Tag Archives: electric cars

Honda and Sony Collaborate to Build EVs

In an exciting revelation, Honda and Sony have just announced plans to partner up and develop electric cars. The two Japanese companies have not yet announced the name of their upcoming entity. The vehicles will be manufactured in Honda’s facilities and Sony will provide the mobility service platform. Their goal is to team together this year and begin selling the first car in 2025.

While the joint venture is unique, the announcement is not entirely surprising, as there has been an international push for zero emission vehicles as well as systems that provide more advanced features. This gives tech companies like Sony an opportunity to enter the automobile market. Sony CEO Kenichiro Yoshida reiterated the vision, remarking: “In the joint venture, we would like to lead the mobility evolution by combining our technology and experience with Honda’s long experience in mobility development and vehicle body manufacturing technologies.” When asked about the possibility of others joining the partnership, Honda CEO Toshihiro Mibe responded, “In the future, we would like to expand our business with an open mindset,” while adding that the focus remains on building the electric car model for now.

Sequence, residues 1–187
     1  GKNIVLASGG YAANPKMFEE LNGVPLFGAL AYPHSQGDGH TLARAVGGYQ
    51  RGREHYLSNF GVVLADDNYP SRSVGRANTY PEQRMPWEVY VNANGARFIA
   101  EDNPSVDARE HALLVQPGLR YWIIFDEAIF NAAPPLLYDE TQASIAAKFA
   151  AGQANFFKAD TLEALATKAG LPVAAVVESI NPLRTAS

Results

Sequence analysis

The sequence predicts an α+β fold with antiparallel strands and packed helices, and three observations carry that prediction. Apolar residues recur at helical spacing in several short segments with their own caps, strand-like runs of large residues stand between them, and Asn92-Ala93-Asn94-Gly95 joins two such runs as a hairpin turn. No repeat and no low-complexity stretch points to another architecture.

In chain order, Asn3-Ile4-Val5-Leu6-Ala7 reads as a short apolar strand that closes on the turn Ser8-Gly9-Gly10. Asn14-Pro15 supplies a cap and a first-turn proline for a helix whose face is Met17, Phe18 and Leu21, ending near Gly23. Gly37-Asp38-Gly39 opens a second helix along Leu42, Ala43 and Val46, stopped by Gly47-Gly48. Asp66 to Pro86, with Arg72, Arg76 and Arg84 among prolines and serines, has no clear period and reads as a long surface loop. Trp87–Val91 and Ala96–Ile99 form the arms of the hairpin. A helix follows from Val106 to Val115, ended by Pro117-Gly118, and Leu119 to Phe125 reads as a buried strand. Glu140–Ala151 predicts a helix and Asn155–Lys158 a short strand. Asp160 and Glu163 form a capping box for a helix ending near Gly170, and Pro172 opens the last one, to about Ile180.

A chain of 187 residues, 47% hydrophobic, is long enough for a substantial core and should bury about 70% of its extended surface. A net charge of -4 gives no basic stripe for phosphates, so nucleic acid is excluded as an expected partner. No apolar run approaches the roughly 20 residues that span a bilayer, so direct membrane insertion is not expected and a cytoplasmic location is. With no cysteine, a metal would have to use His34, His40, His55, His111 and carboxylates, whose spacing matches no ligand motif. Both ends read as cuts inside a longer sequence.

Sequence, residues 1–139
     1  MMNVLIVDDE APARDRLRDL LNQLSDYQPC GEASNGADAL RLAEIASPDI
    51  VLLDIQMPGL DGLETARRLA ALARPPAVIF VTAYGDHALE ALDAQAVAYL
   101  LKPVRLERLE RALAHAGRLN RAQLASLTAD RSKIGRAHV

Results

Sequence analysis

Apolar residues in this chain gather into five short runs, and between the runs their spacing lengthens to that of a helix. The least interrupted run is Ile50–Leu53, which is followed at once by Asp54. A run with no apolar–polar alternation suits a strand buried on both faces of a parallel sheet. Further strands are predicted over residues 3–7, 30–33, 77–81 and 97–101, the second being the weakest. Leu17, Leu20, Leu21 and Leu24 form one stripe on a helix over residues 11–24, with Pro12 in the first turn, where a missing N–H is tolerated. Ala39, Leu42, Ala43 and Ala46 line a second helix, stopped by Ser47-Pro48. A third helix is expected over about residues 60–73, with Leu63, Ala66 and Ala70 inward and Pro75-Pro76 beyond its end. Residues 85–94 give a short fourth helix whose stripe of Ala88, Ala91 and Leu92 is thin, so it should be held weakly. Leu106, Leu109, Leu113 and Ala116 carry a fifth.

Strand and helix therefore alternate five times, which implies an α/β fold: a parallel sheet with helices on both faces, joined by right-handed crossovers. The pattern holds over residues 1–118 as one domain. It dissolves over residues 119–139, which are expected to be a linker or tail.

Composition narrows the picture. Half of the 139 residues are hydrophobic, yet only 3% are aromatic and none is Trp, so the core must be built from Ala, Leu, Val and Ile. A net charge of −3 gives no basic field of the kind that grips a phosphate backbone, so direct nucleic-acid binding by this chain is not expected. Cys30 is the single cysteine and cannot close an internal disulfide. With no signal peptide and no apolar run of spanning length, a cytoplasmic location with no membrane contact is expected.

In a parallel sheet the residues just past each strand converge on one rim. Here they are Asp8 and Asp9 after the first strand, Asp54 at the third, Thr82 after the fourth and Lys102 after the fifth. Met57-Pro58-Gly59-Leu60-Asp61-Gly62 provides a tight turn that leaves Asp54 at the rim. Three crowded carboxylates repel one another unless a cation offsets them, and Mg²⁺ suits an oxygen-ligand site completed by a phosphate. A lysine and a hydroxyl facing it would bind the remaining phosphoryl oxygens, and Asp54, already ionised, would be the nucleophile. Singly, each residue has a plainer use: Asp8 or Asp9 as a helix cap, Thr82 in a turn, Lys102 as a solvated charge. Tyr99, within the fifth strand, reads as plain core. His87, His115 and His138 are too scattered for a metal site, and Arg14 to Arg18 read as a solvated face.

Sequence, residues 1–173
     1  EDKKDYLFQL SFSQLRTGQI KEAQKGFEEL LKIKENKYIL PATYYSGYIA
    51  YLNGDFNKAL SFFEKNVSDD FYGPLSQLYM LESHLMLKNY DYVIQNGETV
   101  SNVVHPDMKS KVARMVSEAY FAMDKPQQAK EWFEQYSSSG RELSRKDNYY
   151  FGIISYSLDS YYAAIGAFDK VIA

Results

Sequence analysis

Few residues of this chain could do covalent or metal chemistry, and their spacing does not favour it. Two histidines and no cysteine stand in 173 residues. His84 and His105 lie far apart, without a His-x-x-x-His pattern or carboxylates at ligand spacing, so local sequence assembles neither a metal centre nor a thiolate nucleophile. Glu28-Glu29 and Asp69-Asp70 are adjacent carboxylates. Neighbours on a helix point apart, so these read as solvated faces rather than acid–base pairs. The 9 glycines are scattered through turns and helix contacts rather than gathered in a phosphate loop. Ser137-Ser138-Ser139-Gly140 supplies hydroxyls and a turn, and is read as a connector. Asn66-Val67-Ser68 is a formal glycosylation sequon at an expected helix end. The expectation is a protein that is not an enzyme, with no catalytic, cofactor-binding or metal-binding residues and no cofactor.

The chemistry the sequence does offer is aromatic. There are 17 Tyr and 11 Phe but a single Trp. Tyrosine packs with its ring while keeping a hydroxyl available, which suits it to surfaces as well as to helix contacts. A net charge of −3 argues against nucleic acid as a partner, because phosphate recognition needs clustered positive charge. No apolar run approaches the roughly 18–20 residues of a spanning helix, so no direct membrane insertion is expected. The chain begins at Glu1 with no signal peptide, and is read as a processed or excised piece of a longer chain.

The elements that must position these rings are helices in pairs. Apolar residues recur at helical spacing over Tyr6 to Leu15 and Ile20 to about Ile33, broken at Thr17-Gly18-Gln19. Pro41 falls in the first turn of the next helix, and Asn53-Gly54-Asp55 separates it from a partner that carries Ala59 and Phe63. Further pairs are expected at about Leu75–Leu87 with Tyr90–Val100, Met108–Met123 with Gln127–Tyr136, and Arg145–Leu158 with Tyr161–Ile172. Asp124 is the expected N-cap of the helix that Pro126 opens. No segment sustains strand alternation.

Toyota Not Worried About Competition from Tesla

Toyota executives answered questions about their plans for the development of the company to better compete in the electric vehicle market, with a special concern aimed at Tesla Motors.

President Akio Toyoda responded to Tesla’s valuation, set at about $400 billion, was unrealistically high; larger than all of Japan’s 7 car makers put together.

In addition, Toyoda said that his company can learn something from Tesla’s success with investors. He said Tesla’s business model could teach Toyota a great deal, especially about revenue for electric vehicles, regulatory credits, software, and renewable energy products.

But not everything was praise for the upstart American company.

Toyoda used the example of a restaurant to compare Tesla to Toyota. Whereas Tesla is like a restaurant that is still trying to sell its recipes, Toyota is a restaurant that is already attracting and serving many loyal customers.

“I am hesitant to say this — Tesla’s business, if you want to use the analogy, is like that of a kitchen and a chef,” Toyoda said.

“They have not created a real business in the real world yet. They are trying to trade recipes. The chef is saying ‘Our recipe is going to become the standard of the world in the future!’ At Toyota, we have a real kitchen and a real chef too and are creating the dishes already. There are customers, who are very picky about what they like to eat, sitting in front of us, and eating our dishes already.”